[L’Osservatore Romano dabbles in the occult with the fertility rite of biodynamic agriculture?]
You have to read it to believe it. Here is the opening of today’s editorial on the front page of “L’Osservatore Romano”:
“We know that Aleppo cannot be freed with bombs. Aleppo and Syria still need to be set free from misery, from the climate change that a few years ago drove men and women to migrate from the rural areas, that destabilized the demographic equilibrium and triggered the first Syrian revolts and then the war.”
The author of this mind-boggling analysis of the Syrian crisis is Carlo Triarico. But the readers of the pope’s newspaper are not told that he is president of the Association for Biodynamic Agriculture, which promotes the farming method invented a century ago by the Austrian esotericist Rudolf Steiner (1861-1925), based on a ritual of homeopathic fertilization, all cow horns and deer bladders and the like, intended to channel spiritual, cosmic, and astral forces into the planet, reinvigorating it. A method that last November, in an open letter to the Italian minister of agriculture, almost all the scientific organizations working in the agricultural field dismissed as “magic,” after a conference in Naples organized by none other than the association that Triarico heads.
But back on the occasion of that conference “L’Osservatore Romano” had given space not to the criticisms of the scientists, but to Triarico’s commendation of himself, in a November 28 article in which he proudly claimed that he had also organized, that previous February, a conference on “Laudato Si’,” the environmentalist encyclical of Pope Francis.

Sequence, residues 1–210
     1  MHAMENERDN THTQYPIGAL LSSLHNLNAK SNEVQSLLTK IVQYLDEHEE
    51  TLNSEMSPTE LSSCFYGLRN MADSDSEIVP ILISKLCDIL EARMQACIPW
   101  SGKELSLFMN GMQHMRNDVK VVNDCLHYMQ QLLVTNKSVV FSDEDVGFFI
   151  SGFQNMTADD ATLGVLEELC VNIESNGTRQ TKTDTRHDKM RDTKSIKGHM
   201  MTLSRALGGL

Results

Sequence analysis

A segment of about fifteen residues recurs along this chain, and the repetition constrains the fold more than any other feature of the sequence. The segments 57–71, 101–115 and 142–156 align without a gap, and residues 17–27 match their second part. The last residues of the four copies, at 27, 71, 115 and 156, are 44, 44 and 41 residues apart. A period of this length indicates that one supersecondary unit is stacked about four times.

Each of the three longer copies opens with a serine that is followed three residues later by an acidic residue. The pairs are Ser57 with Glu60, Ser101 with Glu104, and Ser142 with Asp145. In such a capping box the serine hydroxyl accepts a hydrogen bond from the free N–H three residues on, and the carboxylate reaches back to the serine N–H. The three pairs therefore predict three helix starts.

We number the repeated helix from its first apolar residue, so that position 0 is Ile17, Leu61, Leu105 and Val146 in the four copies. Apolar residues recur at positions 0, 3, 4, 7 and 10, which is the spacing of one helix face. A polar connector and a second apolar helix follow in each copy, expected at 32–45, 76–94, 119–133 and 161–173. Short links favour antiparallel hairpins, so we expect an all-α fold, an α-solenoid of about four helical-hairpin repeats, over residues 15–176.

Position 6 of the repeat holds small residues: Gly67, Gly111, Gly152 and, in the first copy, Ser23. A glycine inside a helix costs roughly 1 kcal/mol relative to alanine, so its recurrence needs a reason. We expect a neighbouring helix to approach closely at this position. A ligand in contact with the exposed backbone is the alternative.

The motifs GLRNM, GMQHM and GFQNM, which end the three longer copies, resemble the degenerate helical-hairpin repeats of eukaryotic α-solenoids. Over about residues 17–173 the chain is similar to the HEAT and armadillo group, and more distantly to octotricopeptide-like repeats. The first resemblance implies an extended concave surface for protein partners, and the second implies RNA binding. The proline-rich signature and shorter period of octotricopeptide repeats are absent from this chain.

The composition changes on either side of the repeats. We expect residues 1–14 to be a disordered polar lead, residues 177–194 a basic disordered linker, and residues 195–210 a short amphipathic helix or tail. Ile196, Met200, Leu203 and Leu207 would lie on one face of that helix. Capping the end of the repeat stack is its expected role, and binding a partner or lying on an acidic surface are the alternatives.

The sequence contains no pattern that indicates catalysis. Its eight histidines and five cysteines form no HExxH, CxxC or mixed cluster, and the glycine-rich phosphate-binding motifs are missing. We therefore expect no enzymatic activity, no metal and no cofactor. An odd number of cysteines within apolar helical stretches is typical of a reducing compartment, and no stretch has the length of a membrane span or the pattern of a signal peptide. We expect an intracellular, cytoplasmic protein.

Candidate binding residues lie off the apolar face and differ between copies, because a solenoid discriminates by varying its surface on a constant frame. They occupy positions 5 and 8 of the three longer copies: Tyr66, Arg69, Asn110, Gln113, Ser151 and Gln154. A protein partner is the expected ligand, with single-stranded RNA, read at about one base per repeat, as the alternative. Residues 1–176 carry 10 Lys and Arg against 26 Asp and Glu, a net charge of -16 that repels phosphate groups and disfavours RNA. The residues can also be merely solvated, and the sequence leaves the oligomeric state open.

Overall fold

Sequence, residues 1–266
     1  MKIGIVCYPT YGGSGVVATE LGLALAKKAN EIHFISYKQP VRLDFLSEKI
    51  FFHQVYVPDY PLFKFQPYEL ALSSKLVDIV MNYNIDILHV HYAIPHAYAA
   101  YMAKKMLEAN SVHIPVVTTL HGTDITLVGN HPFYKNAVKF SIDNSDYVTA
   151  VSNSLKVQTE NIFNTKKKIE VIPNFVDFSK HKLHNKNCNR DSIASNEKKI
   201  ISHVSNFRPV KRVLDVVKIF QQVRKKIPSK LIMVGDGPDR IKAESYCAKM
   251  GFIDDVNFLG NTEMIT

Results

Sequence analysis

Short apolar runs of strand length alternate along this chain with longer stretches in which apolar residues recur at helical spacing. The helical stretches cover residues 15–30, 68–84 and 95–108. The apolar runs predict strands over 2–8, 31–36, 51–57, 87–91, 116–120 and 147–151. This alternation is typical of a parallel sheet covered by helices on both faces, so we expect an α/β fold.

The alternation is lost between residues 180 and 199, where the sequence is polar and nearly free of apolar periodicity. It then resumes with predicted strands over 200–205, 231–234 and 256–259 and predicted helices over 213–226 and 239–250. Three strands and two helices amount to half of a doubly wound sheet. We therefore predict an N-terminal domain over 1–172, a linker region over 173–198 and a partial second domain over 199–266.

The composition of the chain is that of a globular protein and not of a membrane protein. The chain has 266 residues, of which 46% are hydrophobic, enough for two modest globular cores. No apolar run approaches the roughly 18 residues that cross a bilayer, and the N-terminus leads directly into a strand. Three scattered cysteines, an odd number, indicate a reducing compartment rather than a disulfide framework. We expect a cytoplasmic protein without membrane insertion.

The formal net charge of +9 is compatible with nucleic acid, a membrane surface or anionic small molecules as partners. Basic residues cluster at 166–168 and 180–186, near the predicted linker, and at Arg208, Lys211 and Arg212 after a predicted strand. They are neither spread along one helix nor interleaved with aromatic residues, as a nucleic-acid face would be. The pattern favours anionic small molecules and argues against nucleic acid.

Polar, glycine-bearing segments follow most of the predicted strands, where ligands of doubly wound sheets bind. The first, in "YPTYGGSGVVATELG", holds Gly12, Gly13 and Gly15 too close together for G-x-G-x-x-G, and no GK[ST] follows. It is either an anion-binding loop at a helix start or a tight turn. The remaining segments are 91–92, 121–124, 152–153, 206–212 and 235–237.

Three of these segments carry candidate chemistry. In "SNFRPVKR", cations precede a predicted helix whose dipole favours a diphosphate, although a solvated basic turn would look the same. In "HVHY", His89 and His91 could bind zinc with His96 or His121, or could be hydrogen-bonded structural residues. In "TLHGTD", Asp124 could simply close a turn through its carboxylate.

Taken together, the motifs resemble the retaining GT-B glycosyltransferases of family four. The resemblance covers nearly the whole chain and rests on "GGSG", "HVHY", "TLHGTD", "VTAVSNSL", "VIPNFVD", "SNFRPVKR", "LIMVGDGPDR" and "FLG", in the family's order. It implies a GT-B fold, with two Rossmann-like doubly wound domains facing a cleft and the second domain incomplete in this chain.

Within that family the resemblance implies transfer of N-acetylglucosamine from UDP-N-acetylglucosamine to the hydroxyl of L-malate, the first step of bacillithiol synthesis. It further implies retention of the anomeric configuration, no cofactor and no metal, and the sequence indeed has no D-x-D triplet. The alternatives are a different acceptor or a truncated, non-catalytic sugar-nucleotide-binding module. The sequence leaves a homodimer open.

Also in that article Triarico wrote exultantly that the conference in Naples had been attended by hundreds of militants from those “popular movements” that the pope had received on November 5 at the Vatican and are his pride and joy, in confirmation of which “there is growing in the world a great movement of innovation for the common home.”
But that wasn’t enough. Also on the occasion of the merger between Bayer and Monsanto, it was to Triarico that “L’Osservatore Romano” turned for the apocalyptic reprimand, in an article for the Sunday edition of September 18.
Turning back to today’s edition, the follow-up to that incredible opening is a whole hymn to the miraculous virtues of biodynamic agriculture in “ending hunger, creating the conditions for rural resiliency against climate change” and therefore, in a ripple effect, against migrations and wars, not only in Syria but also in other countries that have already been reached – the editorial says – by this method of cultivation: “Jordan, Iran, Egypt, Algeria, Eritrea, Ethiopia, Yemen.”
In a few days, on January 9, Pope Francis will give the new year’s address to the diplomatic corps accredited to the Holy See, in which he will illustrate his geopolitical vision and the ways for seeking peace.
From now until then, it is to be hoped that no ambassador may get the notion that the Church’s recipe for peace in the world is today’s editorial in the pope’s newspaper.